Louis Comfort Tiffany
The son of a fashionable jeweller, Louis Comfort Tiffany (1848-1933) established his own company of Associated Artists in 1878 . Intent on designing beautiful objects for ‘a new society of newly rich’ clients, Tiffany took inspiration from the English Arts & Crafts and Aesthetic movements. 
Hemispherical in form, this Louis Comfort Tiffany lampshade is decorated with apple blossom in green and pink marbled glass. Its attractive bright colours have been set within a bold black line of leading, producing an effect that evokes compositions by fin-de-siècle Symbolist-Synthesist painters, such as Paul Gauguin, Émile Bernard, Paul Bonnard, Édouard Vuillard, and others. 
Tiffany patented the technique for producing iridescent glass in 1881 and registered his trademark opalescent ‘Favrile’ glass in 1894.  Initially Tiffany produces glass mosaic tesserae before developing leaded stained glass, in which each glass segment is outlined in bronze patinated-leading to give a mosaic effect.
From 1878, Louis C. Tiffany and Associated Artists fulfilled commissions for private domestic interiors and public building in North America.  Tiffany’s leaded glass was first exhibited in Europe in 1892 with Four Seasons, a domestic window design from 1890. Tiffany & Co. also displayed leaded glass by the newly founded firm, Tiffany Glass and Decorating Company, in the ‘Tiffany Chapel’ at the World’s Columbian Exposition that was held in Chicago in 1893. 
Tiffany’s first commercially produced leaded glass lamps date from around 1895, which, together with its stained glass window designs, were to prove a main staple of the company’s production. Manufacturing the shades was labour intensive and involved assembling pieces of cut glass over a solid wooden form: a process that took a skilled worker approximately one week to complete. 
The lampshade is stamped with the mark, ‘Tiffany Studios New York 1455-44’ on the inside of the lower rim. The date of the lamp is an estimate based on the knowledge that the Tiffany Glass and Decorating Company changed its name to the Tiffany Studios in 1902. 
Vanessa Tothill, November 2020
 Mario Amaya, Art Nouveau (London: Dutton Vista, 1966), p. 68.
 Amaya, p. 68; Alice Cooney Frelinghuysen, Louis Comfort Tiffany at The Metropolitan Museum of Art (New York: The Metropolitan Museum of Art, 1999); adapted from The Metropolitan Museum of Art Bulletin 56:1 (Summer 1998), pp. 9-10.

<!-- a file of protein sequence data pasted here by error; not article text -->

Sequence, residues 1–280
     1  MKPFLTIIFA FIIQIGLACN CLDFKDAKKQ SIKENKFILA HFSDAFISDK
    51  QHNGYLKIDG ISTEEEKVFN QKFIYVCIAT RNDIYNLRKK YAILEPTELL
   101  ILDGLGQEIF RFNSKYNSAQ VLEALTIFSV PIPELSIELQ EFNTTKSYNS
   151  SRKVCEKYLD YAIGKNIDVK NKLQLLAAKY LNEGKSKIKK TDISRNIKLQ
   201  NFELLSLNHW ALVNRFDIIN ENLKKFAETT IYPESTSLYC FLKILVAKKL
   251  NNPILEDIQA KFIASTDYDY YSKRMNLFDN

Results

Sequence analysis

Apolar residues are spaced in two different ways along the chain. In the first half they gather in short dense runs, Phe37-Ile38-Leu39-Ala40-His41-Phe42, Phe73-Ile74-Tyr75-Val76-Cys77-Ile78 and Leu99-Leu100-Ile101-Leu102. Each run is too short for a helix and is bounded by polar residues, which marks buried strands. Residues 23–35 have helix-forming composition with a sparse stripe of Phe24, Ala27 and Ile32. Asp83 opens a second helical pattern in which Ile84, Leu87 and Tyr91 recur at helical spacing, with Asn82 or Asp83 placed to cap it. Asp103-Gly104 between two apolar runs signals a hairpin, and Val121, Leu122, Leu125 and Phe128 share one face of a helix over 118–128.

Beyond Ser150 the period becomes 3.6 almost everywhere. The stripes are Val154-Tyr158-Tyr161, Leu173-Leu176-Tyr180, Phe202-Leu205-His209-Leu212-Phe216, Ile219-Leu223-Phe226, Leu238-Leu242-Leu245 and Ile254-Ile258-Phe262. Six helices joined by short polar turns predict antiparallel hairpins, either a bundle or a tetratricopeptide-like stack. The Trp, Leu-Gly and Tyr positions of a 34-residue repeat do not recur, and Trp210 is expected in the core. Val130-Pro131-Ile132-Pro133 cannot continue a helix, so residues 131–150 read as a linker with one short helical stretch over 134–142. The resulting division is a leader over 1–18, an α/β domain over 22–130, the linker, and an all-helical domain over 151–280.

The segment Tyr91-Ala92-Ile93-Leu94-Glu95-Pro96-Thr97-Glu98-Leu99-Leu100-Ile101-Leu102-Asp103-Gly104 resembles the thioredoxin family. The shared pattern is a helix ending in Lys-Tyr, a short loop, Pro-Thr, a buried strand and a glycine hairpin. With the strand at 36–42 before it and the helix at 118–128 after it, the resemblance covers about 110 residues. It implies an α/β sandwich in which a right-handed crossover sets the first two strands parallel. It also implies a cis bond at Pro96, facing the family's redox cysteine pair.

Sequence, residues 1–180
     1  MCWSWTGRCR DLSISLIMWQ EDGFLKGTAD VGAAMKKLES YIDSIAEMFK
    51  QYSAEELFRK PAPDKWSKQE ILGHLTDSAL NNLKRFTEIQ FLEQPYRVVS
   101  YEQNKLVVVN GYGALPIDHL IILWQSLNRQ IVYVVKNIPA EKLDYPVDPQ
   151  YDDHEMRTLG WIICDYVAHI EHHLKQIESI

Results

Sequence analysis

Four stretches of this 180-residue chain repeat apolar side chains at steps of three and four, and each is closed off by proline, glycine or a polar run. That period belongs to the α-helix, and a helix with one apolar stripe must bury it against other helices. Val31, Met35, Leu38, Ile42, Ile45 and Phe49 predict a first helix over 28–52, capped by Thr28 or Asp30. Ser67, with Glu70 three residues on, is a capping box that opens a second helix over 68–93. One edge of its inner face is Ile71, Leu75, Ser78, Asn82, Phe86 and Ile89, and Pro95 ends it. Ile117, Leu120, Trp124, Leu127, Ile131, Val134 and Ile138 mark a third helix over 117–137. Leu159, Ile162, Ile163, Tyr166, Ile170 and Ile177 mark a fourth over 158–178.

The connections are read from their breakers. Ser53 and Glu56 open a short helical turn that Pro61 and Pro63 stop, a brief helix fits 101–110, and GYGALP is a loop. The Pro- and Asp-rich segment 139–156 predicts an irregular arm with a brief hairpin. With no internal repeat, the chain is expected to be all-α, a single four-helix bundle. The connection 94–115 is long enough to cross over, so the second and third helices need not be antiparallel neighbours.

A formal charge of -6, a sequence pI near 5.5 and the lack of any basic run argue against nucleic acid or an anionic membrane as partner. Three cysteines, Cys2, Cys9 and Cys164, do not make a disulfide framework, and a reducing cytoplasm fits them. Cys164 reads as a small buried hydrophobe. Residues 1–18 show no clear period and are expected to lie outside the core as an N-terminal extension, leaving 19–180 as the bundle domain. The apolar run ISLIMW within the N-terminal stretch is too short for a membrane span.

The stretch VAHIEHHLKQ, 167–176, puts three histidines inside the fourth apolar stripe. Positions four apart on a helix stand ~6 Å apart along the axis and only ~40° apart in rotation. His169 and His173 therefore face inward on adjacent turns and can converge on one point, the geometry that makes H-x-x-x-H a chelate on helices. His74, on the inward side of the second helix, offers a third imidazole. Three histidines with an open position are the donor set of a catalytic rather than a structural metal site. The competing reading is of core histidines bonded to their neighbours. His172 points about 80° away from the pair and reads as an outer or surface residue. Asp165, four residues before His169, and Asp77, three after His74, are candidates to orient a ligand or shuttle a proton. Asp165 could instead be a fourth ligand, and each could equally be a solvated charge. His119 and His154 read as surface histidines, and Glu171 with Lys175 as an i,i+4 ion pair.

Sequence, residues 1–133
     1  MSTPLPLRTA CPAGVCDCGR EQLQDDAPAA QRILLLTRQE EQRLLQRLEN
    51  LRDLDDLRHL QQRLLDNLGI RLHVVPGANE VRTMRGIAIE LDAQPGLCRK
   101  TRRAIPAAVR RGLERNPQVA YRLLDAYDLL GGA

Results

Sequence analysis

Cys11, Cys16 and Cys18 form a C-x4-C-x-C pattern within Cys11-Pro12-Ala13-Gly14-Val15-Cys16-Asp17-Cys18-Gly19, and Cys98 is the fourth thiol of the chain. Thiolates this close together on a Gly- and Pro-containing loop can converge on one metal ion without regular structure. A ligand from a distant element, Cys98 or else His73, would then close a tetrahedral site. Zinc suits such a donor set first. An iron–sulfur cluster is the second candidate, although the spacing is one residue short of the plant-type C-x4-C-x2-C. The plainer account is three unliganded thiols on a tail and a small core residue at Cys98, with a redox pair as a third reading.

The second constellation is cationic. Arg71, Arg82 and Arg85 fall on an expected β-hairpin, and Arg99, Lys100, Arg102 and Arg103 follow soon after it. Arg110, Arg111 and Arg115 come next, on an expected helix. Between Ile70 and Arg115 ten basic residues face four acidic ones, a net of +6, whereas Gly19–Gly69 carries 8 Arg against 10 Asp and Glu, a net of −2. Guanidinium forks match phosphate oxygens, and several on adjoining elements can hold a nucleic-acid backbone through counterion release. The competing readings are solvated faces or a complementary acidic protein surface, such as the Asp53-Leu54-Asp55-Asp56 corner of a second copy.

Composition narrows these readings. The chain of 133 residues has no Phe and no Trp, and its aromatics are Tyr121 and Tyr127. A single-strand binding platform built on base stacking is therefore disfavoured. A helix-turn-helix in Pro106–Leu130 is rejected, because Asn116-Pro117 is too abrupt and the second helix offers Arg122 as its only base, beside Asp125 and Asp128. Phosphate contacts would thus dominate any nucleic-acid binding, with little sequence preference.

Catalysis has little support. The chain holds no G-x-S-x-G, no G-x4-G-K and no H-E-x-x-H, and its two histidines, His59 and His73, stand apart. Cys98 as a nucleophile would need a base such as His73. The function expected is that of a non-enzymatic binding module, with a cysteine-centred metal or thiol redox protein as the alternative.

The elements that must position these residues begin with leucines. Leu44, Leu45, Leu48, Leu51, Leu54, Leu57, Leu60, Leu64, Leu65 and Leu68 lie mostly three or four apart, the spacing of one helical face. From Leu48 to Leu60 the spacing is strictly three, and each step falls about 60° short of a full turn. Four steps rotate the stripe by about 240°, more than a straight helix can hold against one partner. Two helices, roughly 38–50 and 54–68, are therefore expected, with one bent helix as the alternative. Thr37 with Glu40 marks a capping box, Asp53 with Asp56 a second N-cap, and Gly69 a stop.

Amaya, p. 71; https://www.morsemuseum.org/louis-comfort-tiffany/tiffany-chapel [accessed 16 November 2020]
 John Loring, Louis Comfort Tiffany at Tiffany & Co. (New York: Harry N. Abrams, Inc., 2002), pp. 241-42.
 Frelinghuysen, p. 9.
 Amaya, p. 71.
 Frelinghuysen, p. 71.
 https://www.britishmuseum.org/collection/term/BIOG80102 [accessed 16 November]
Mario Amaya, Art Nouveau (London: Dutton Vista, 1966)
Vivienne Couldrey, The Art of Louis Comfort Tiffany (London: Quarto Publishing, 1989)
Alice Cooney Frelinghuysen, Louis Comfort Tiffany at The Metropolitan Museum of Art (New York: The Metropolitan Museum of Art, 1999); adapted from The Metropolitan Museum of Art Bulletin 56:1 (Summer 1998)
Amanda Geitner and Emma Hazell, eds., The Anderson Collection of Art Nouveau (Norwich: Sainsbury Centre for Visual Arts, University of East Anglia, 2003)
Paul Greenhalgh, ed., Art Nouveau, 1890-1914 (London: V&A Publications, 2000)
Paul Greenhalgh, ed., The Nature of Dreams: England and the Formation of Art Nouveau (Norwich: Sainsbury Centre for Visual Arts, University of East Anglia, 2020)
John Loring, Louis Comfort Tiffany at Tiffany & Co. (New York: Harry N. Abrams, Inc., 2002), pp. 241-42.
Not on display
Artist/Maker: Louis Comfort Tiffany
Born: 1900 c.
Measurements: h. 170 x w. 406 x d. 406 mm
Inscription: Stamped 'Tiffany Studios New York 1455-44'
Accession Number: 21022A
School/Style: Art Nouveau
Credit Line: Donated by Sir Colin and Lady Anderson, 1978
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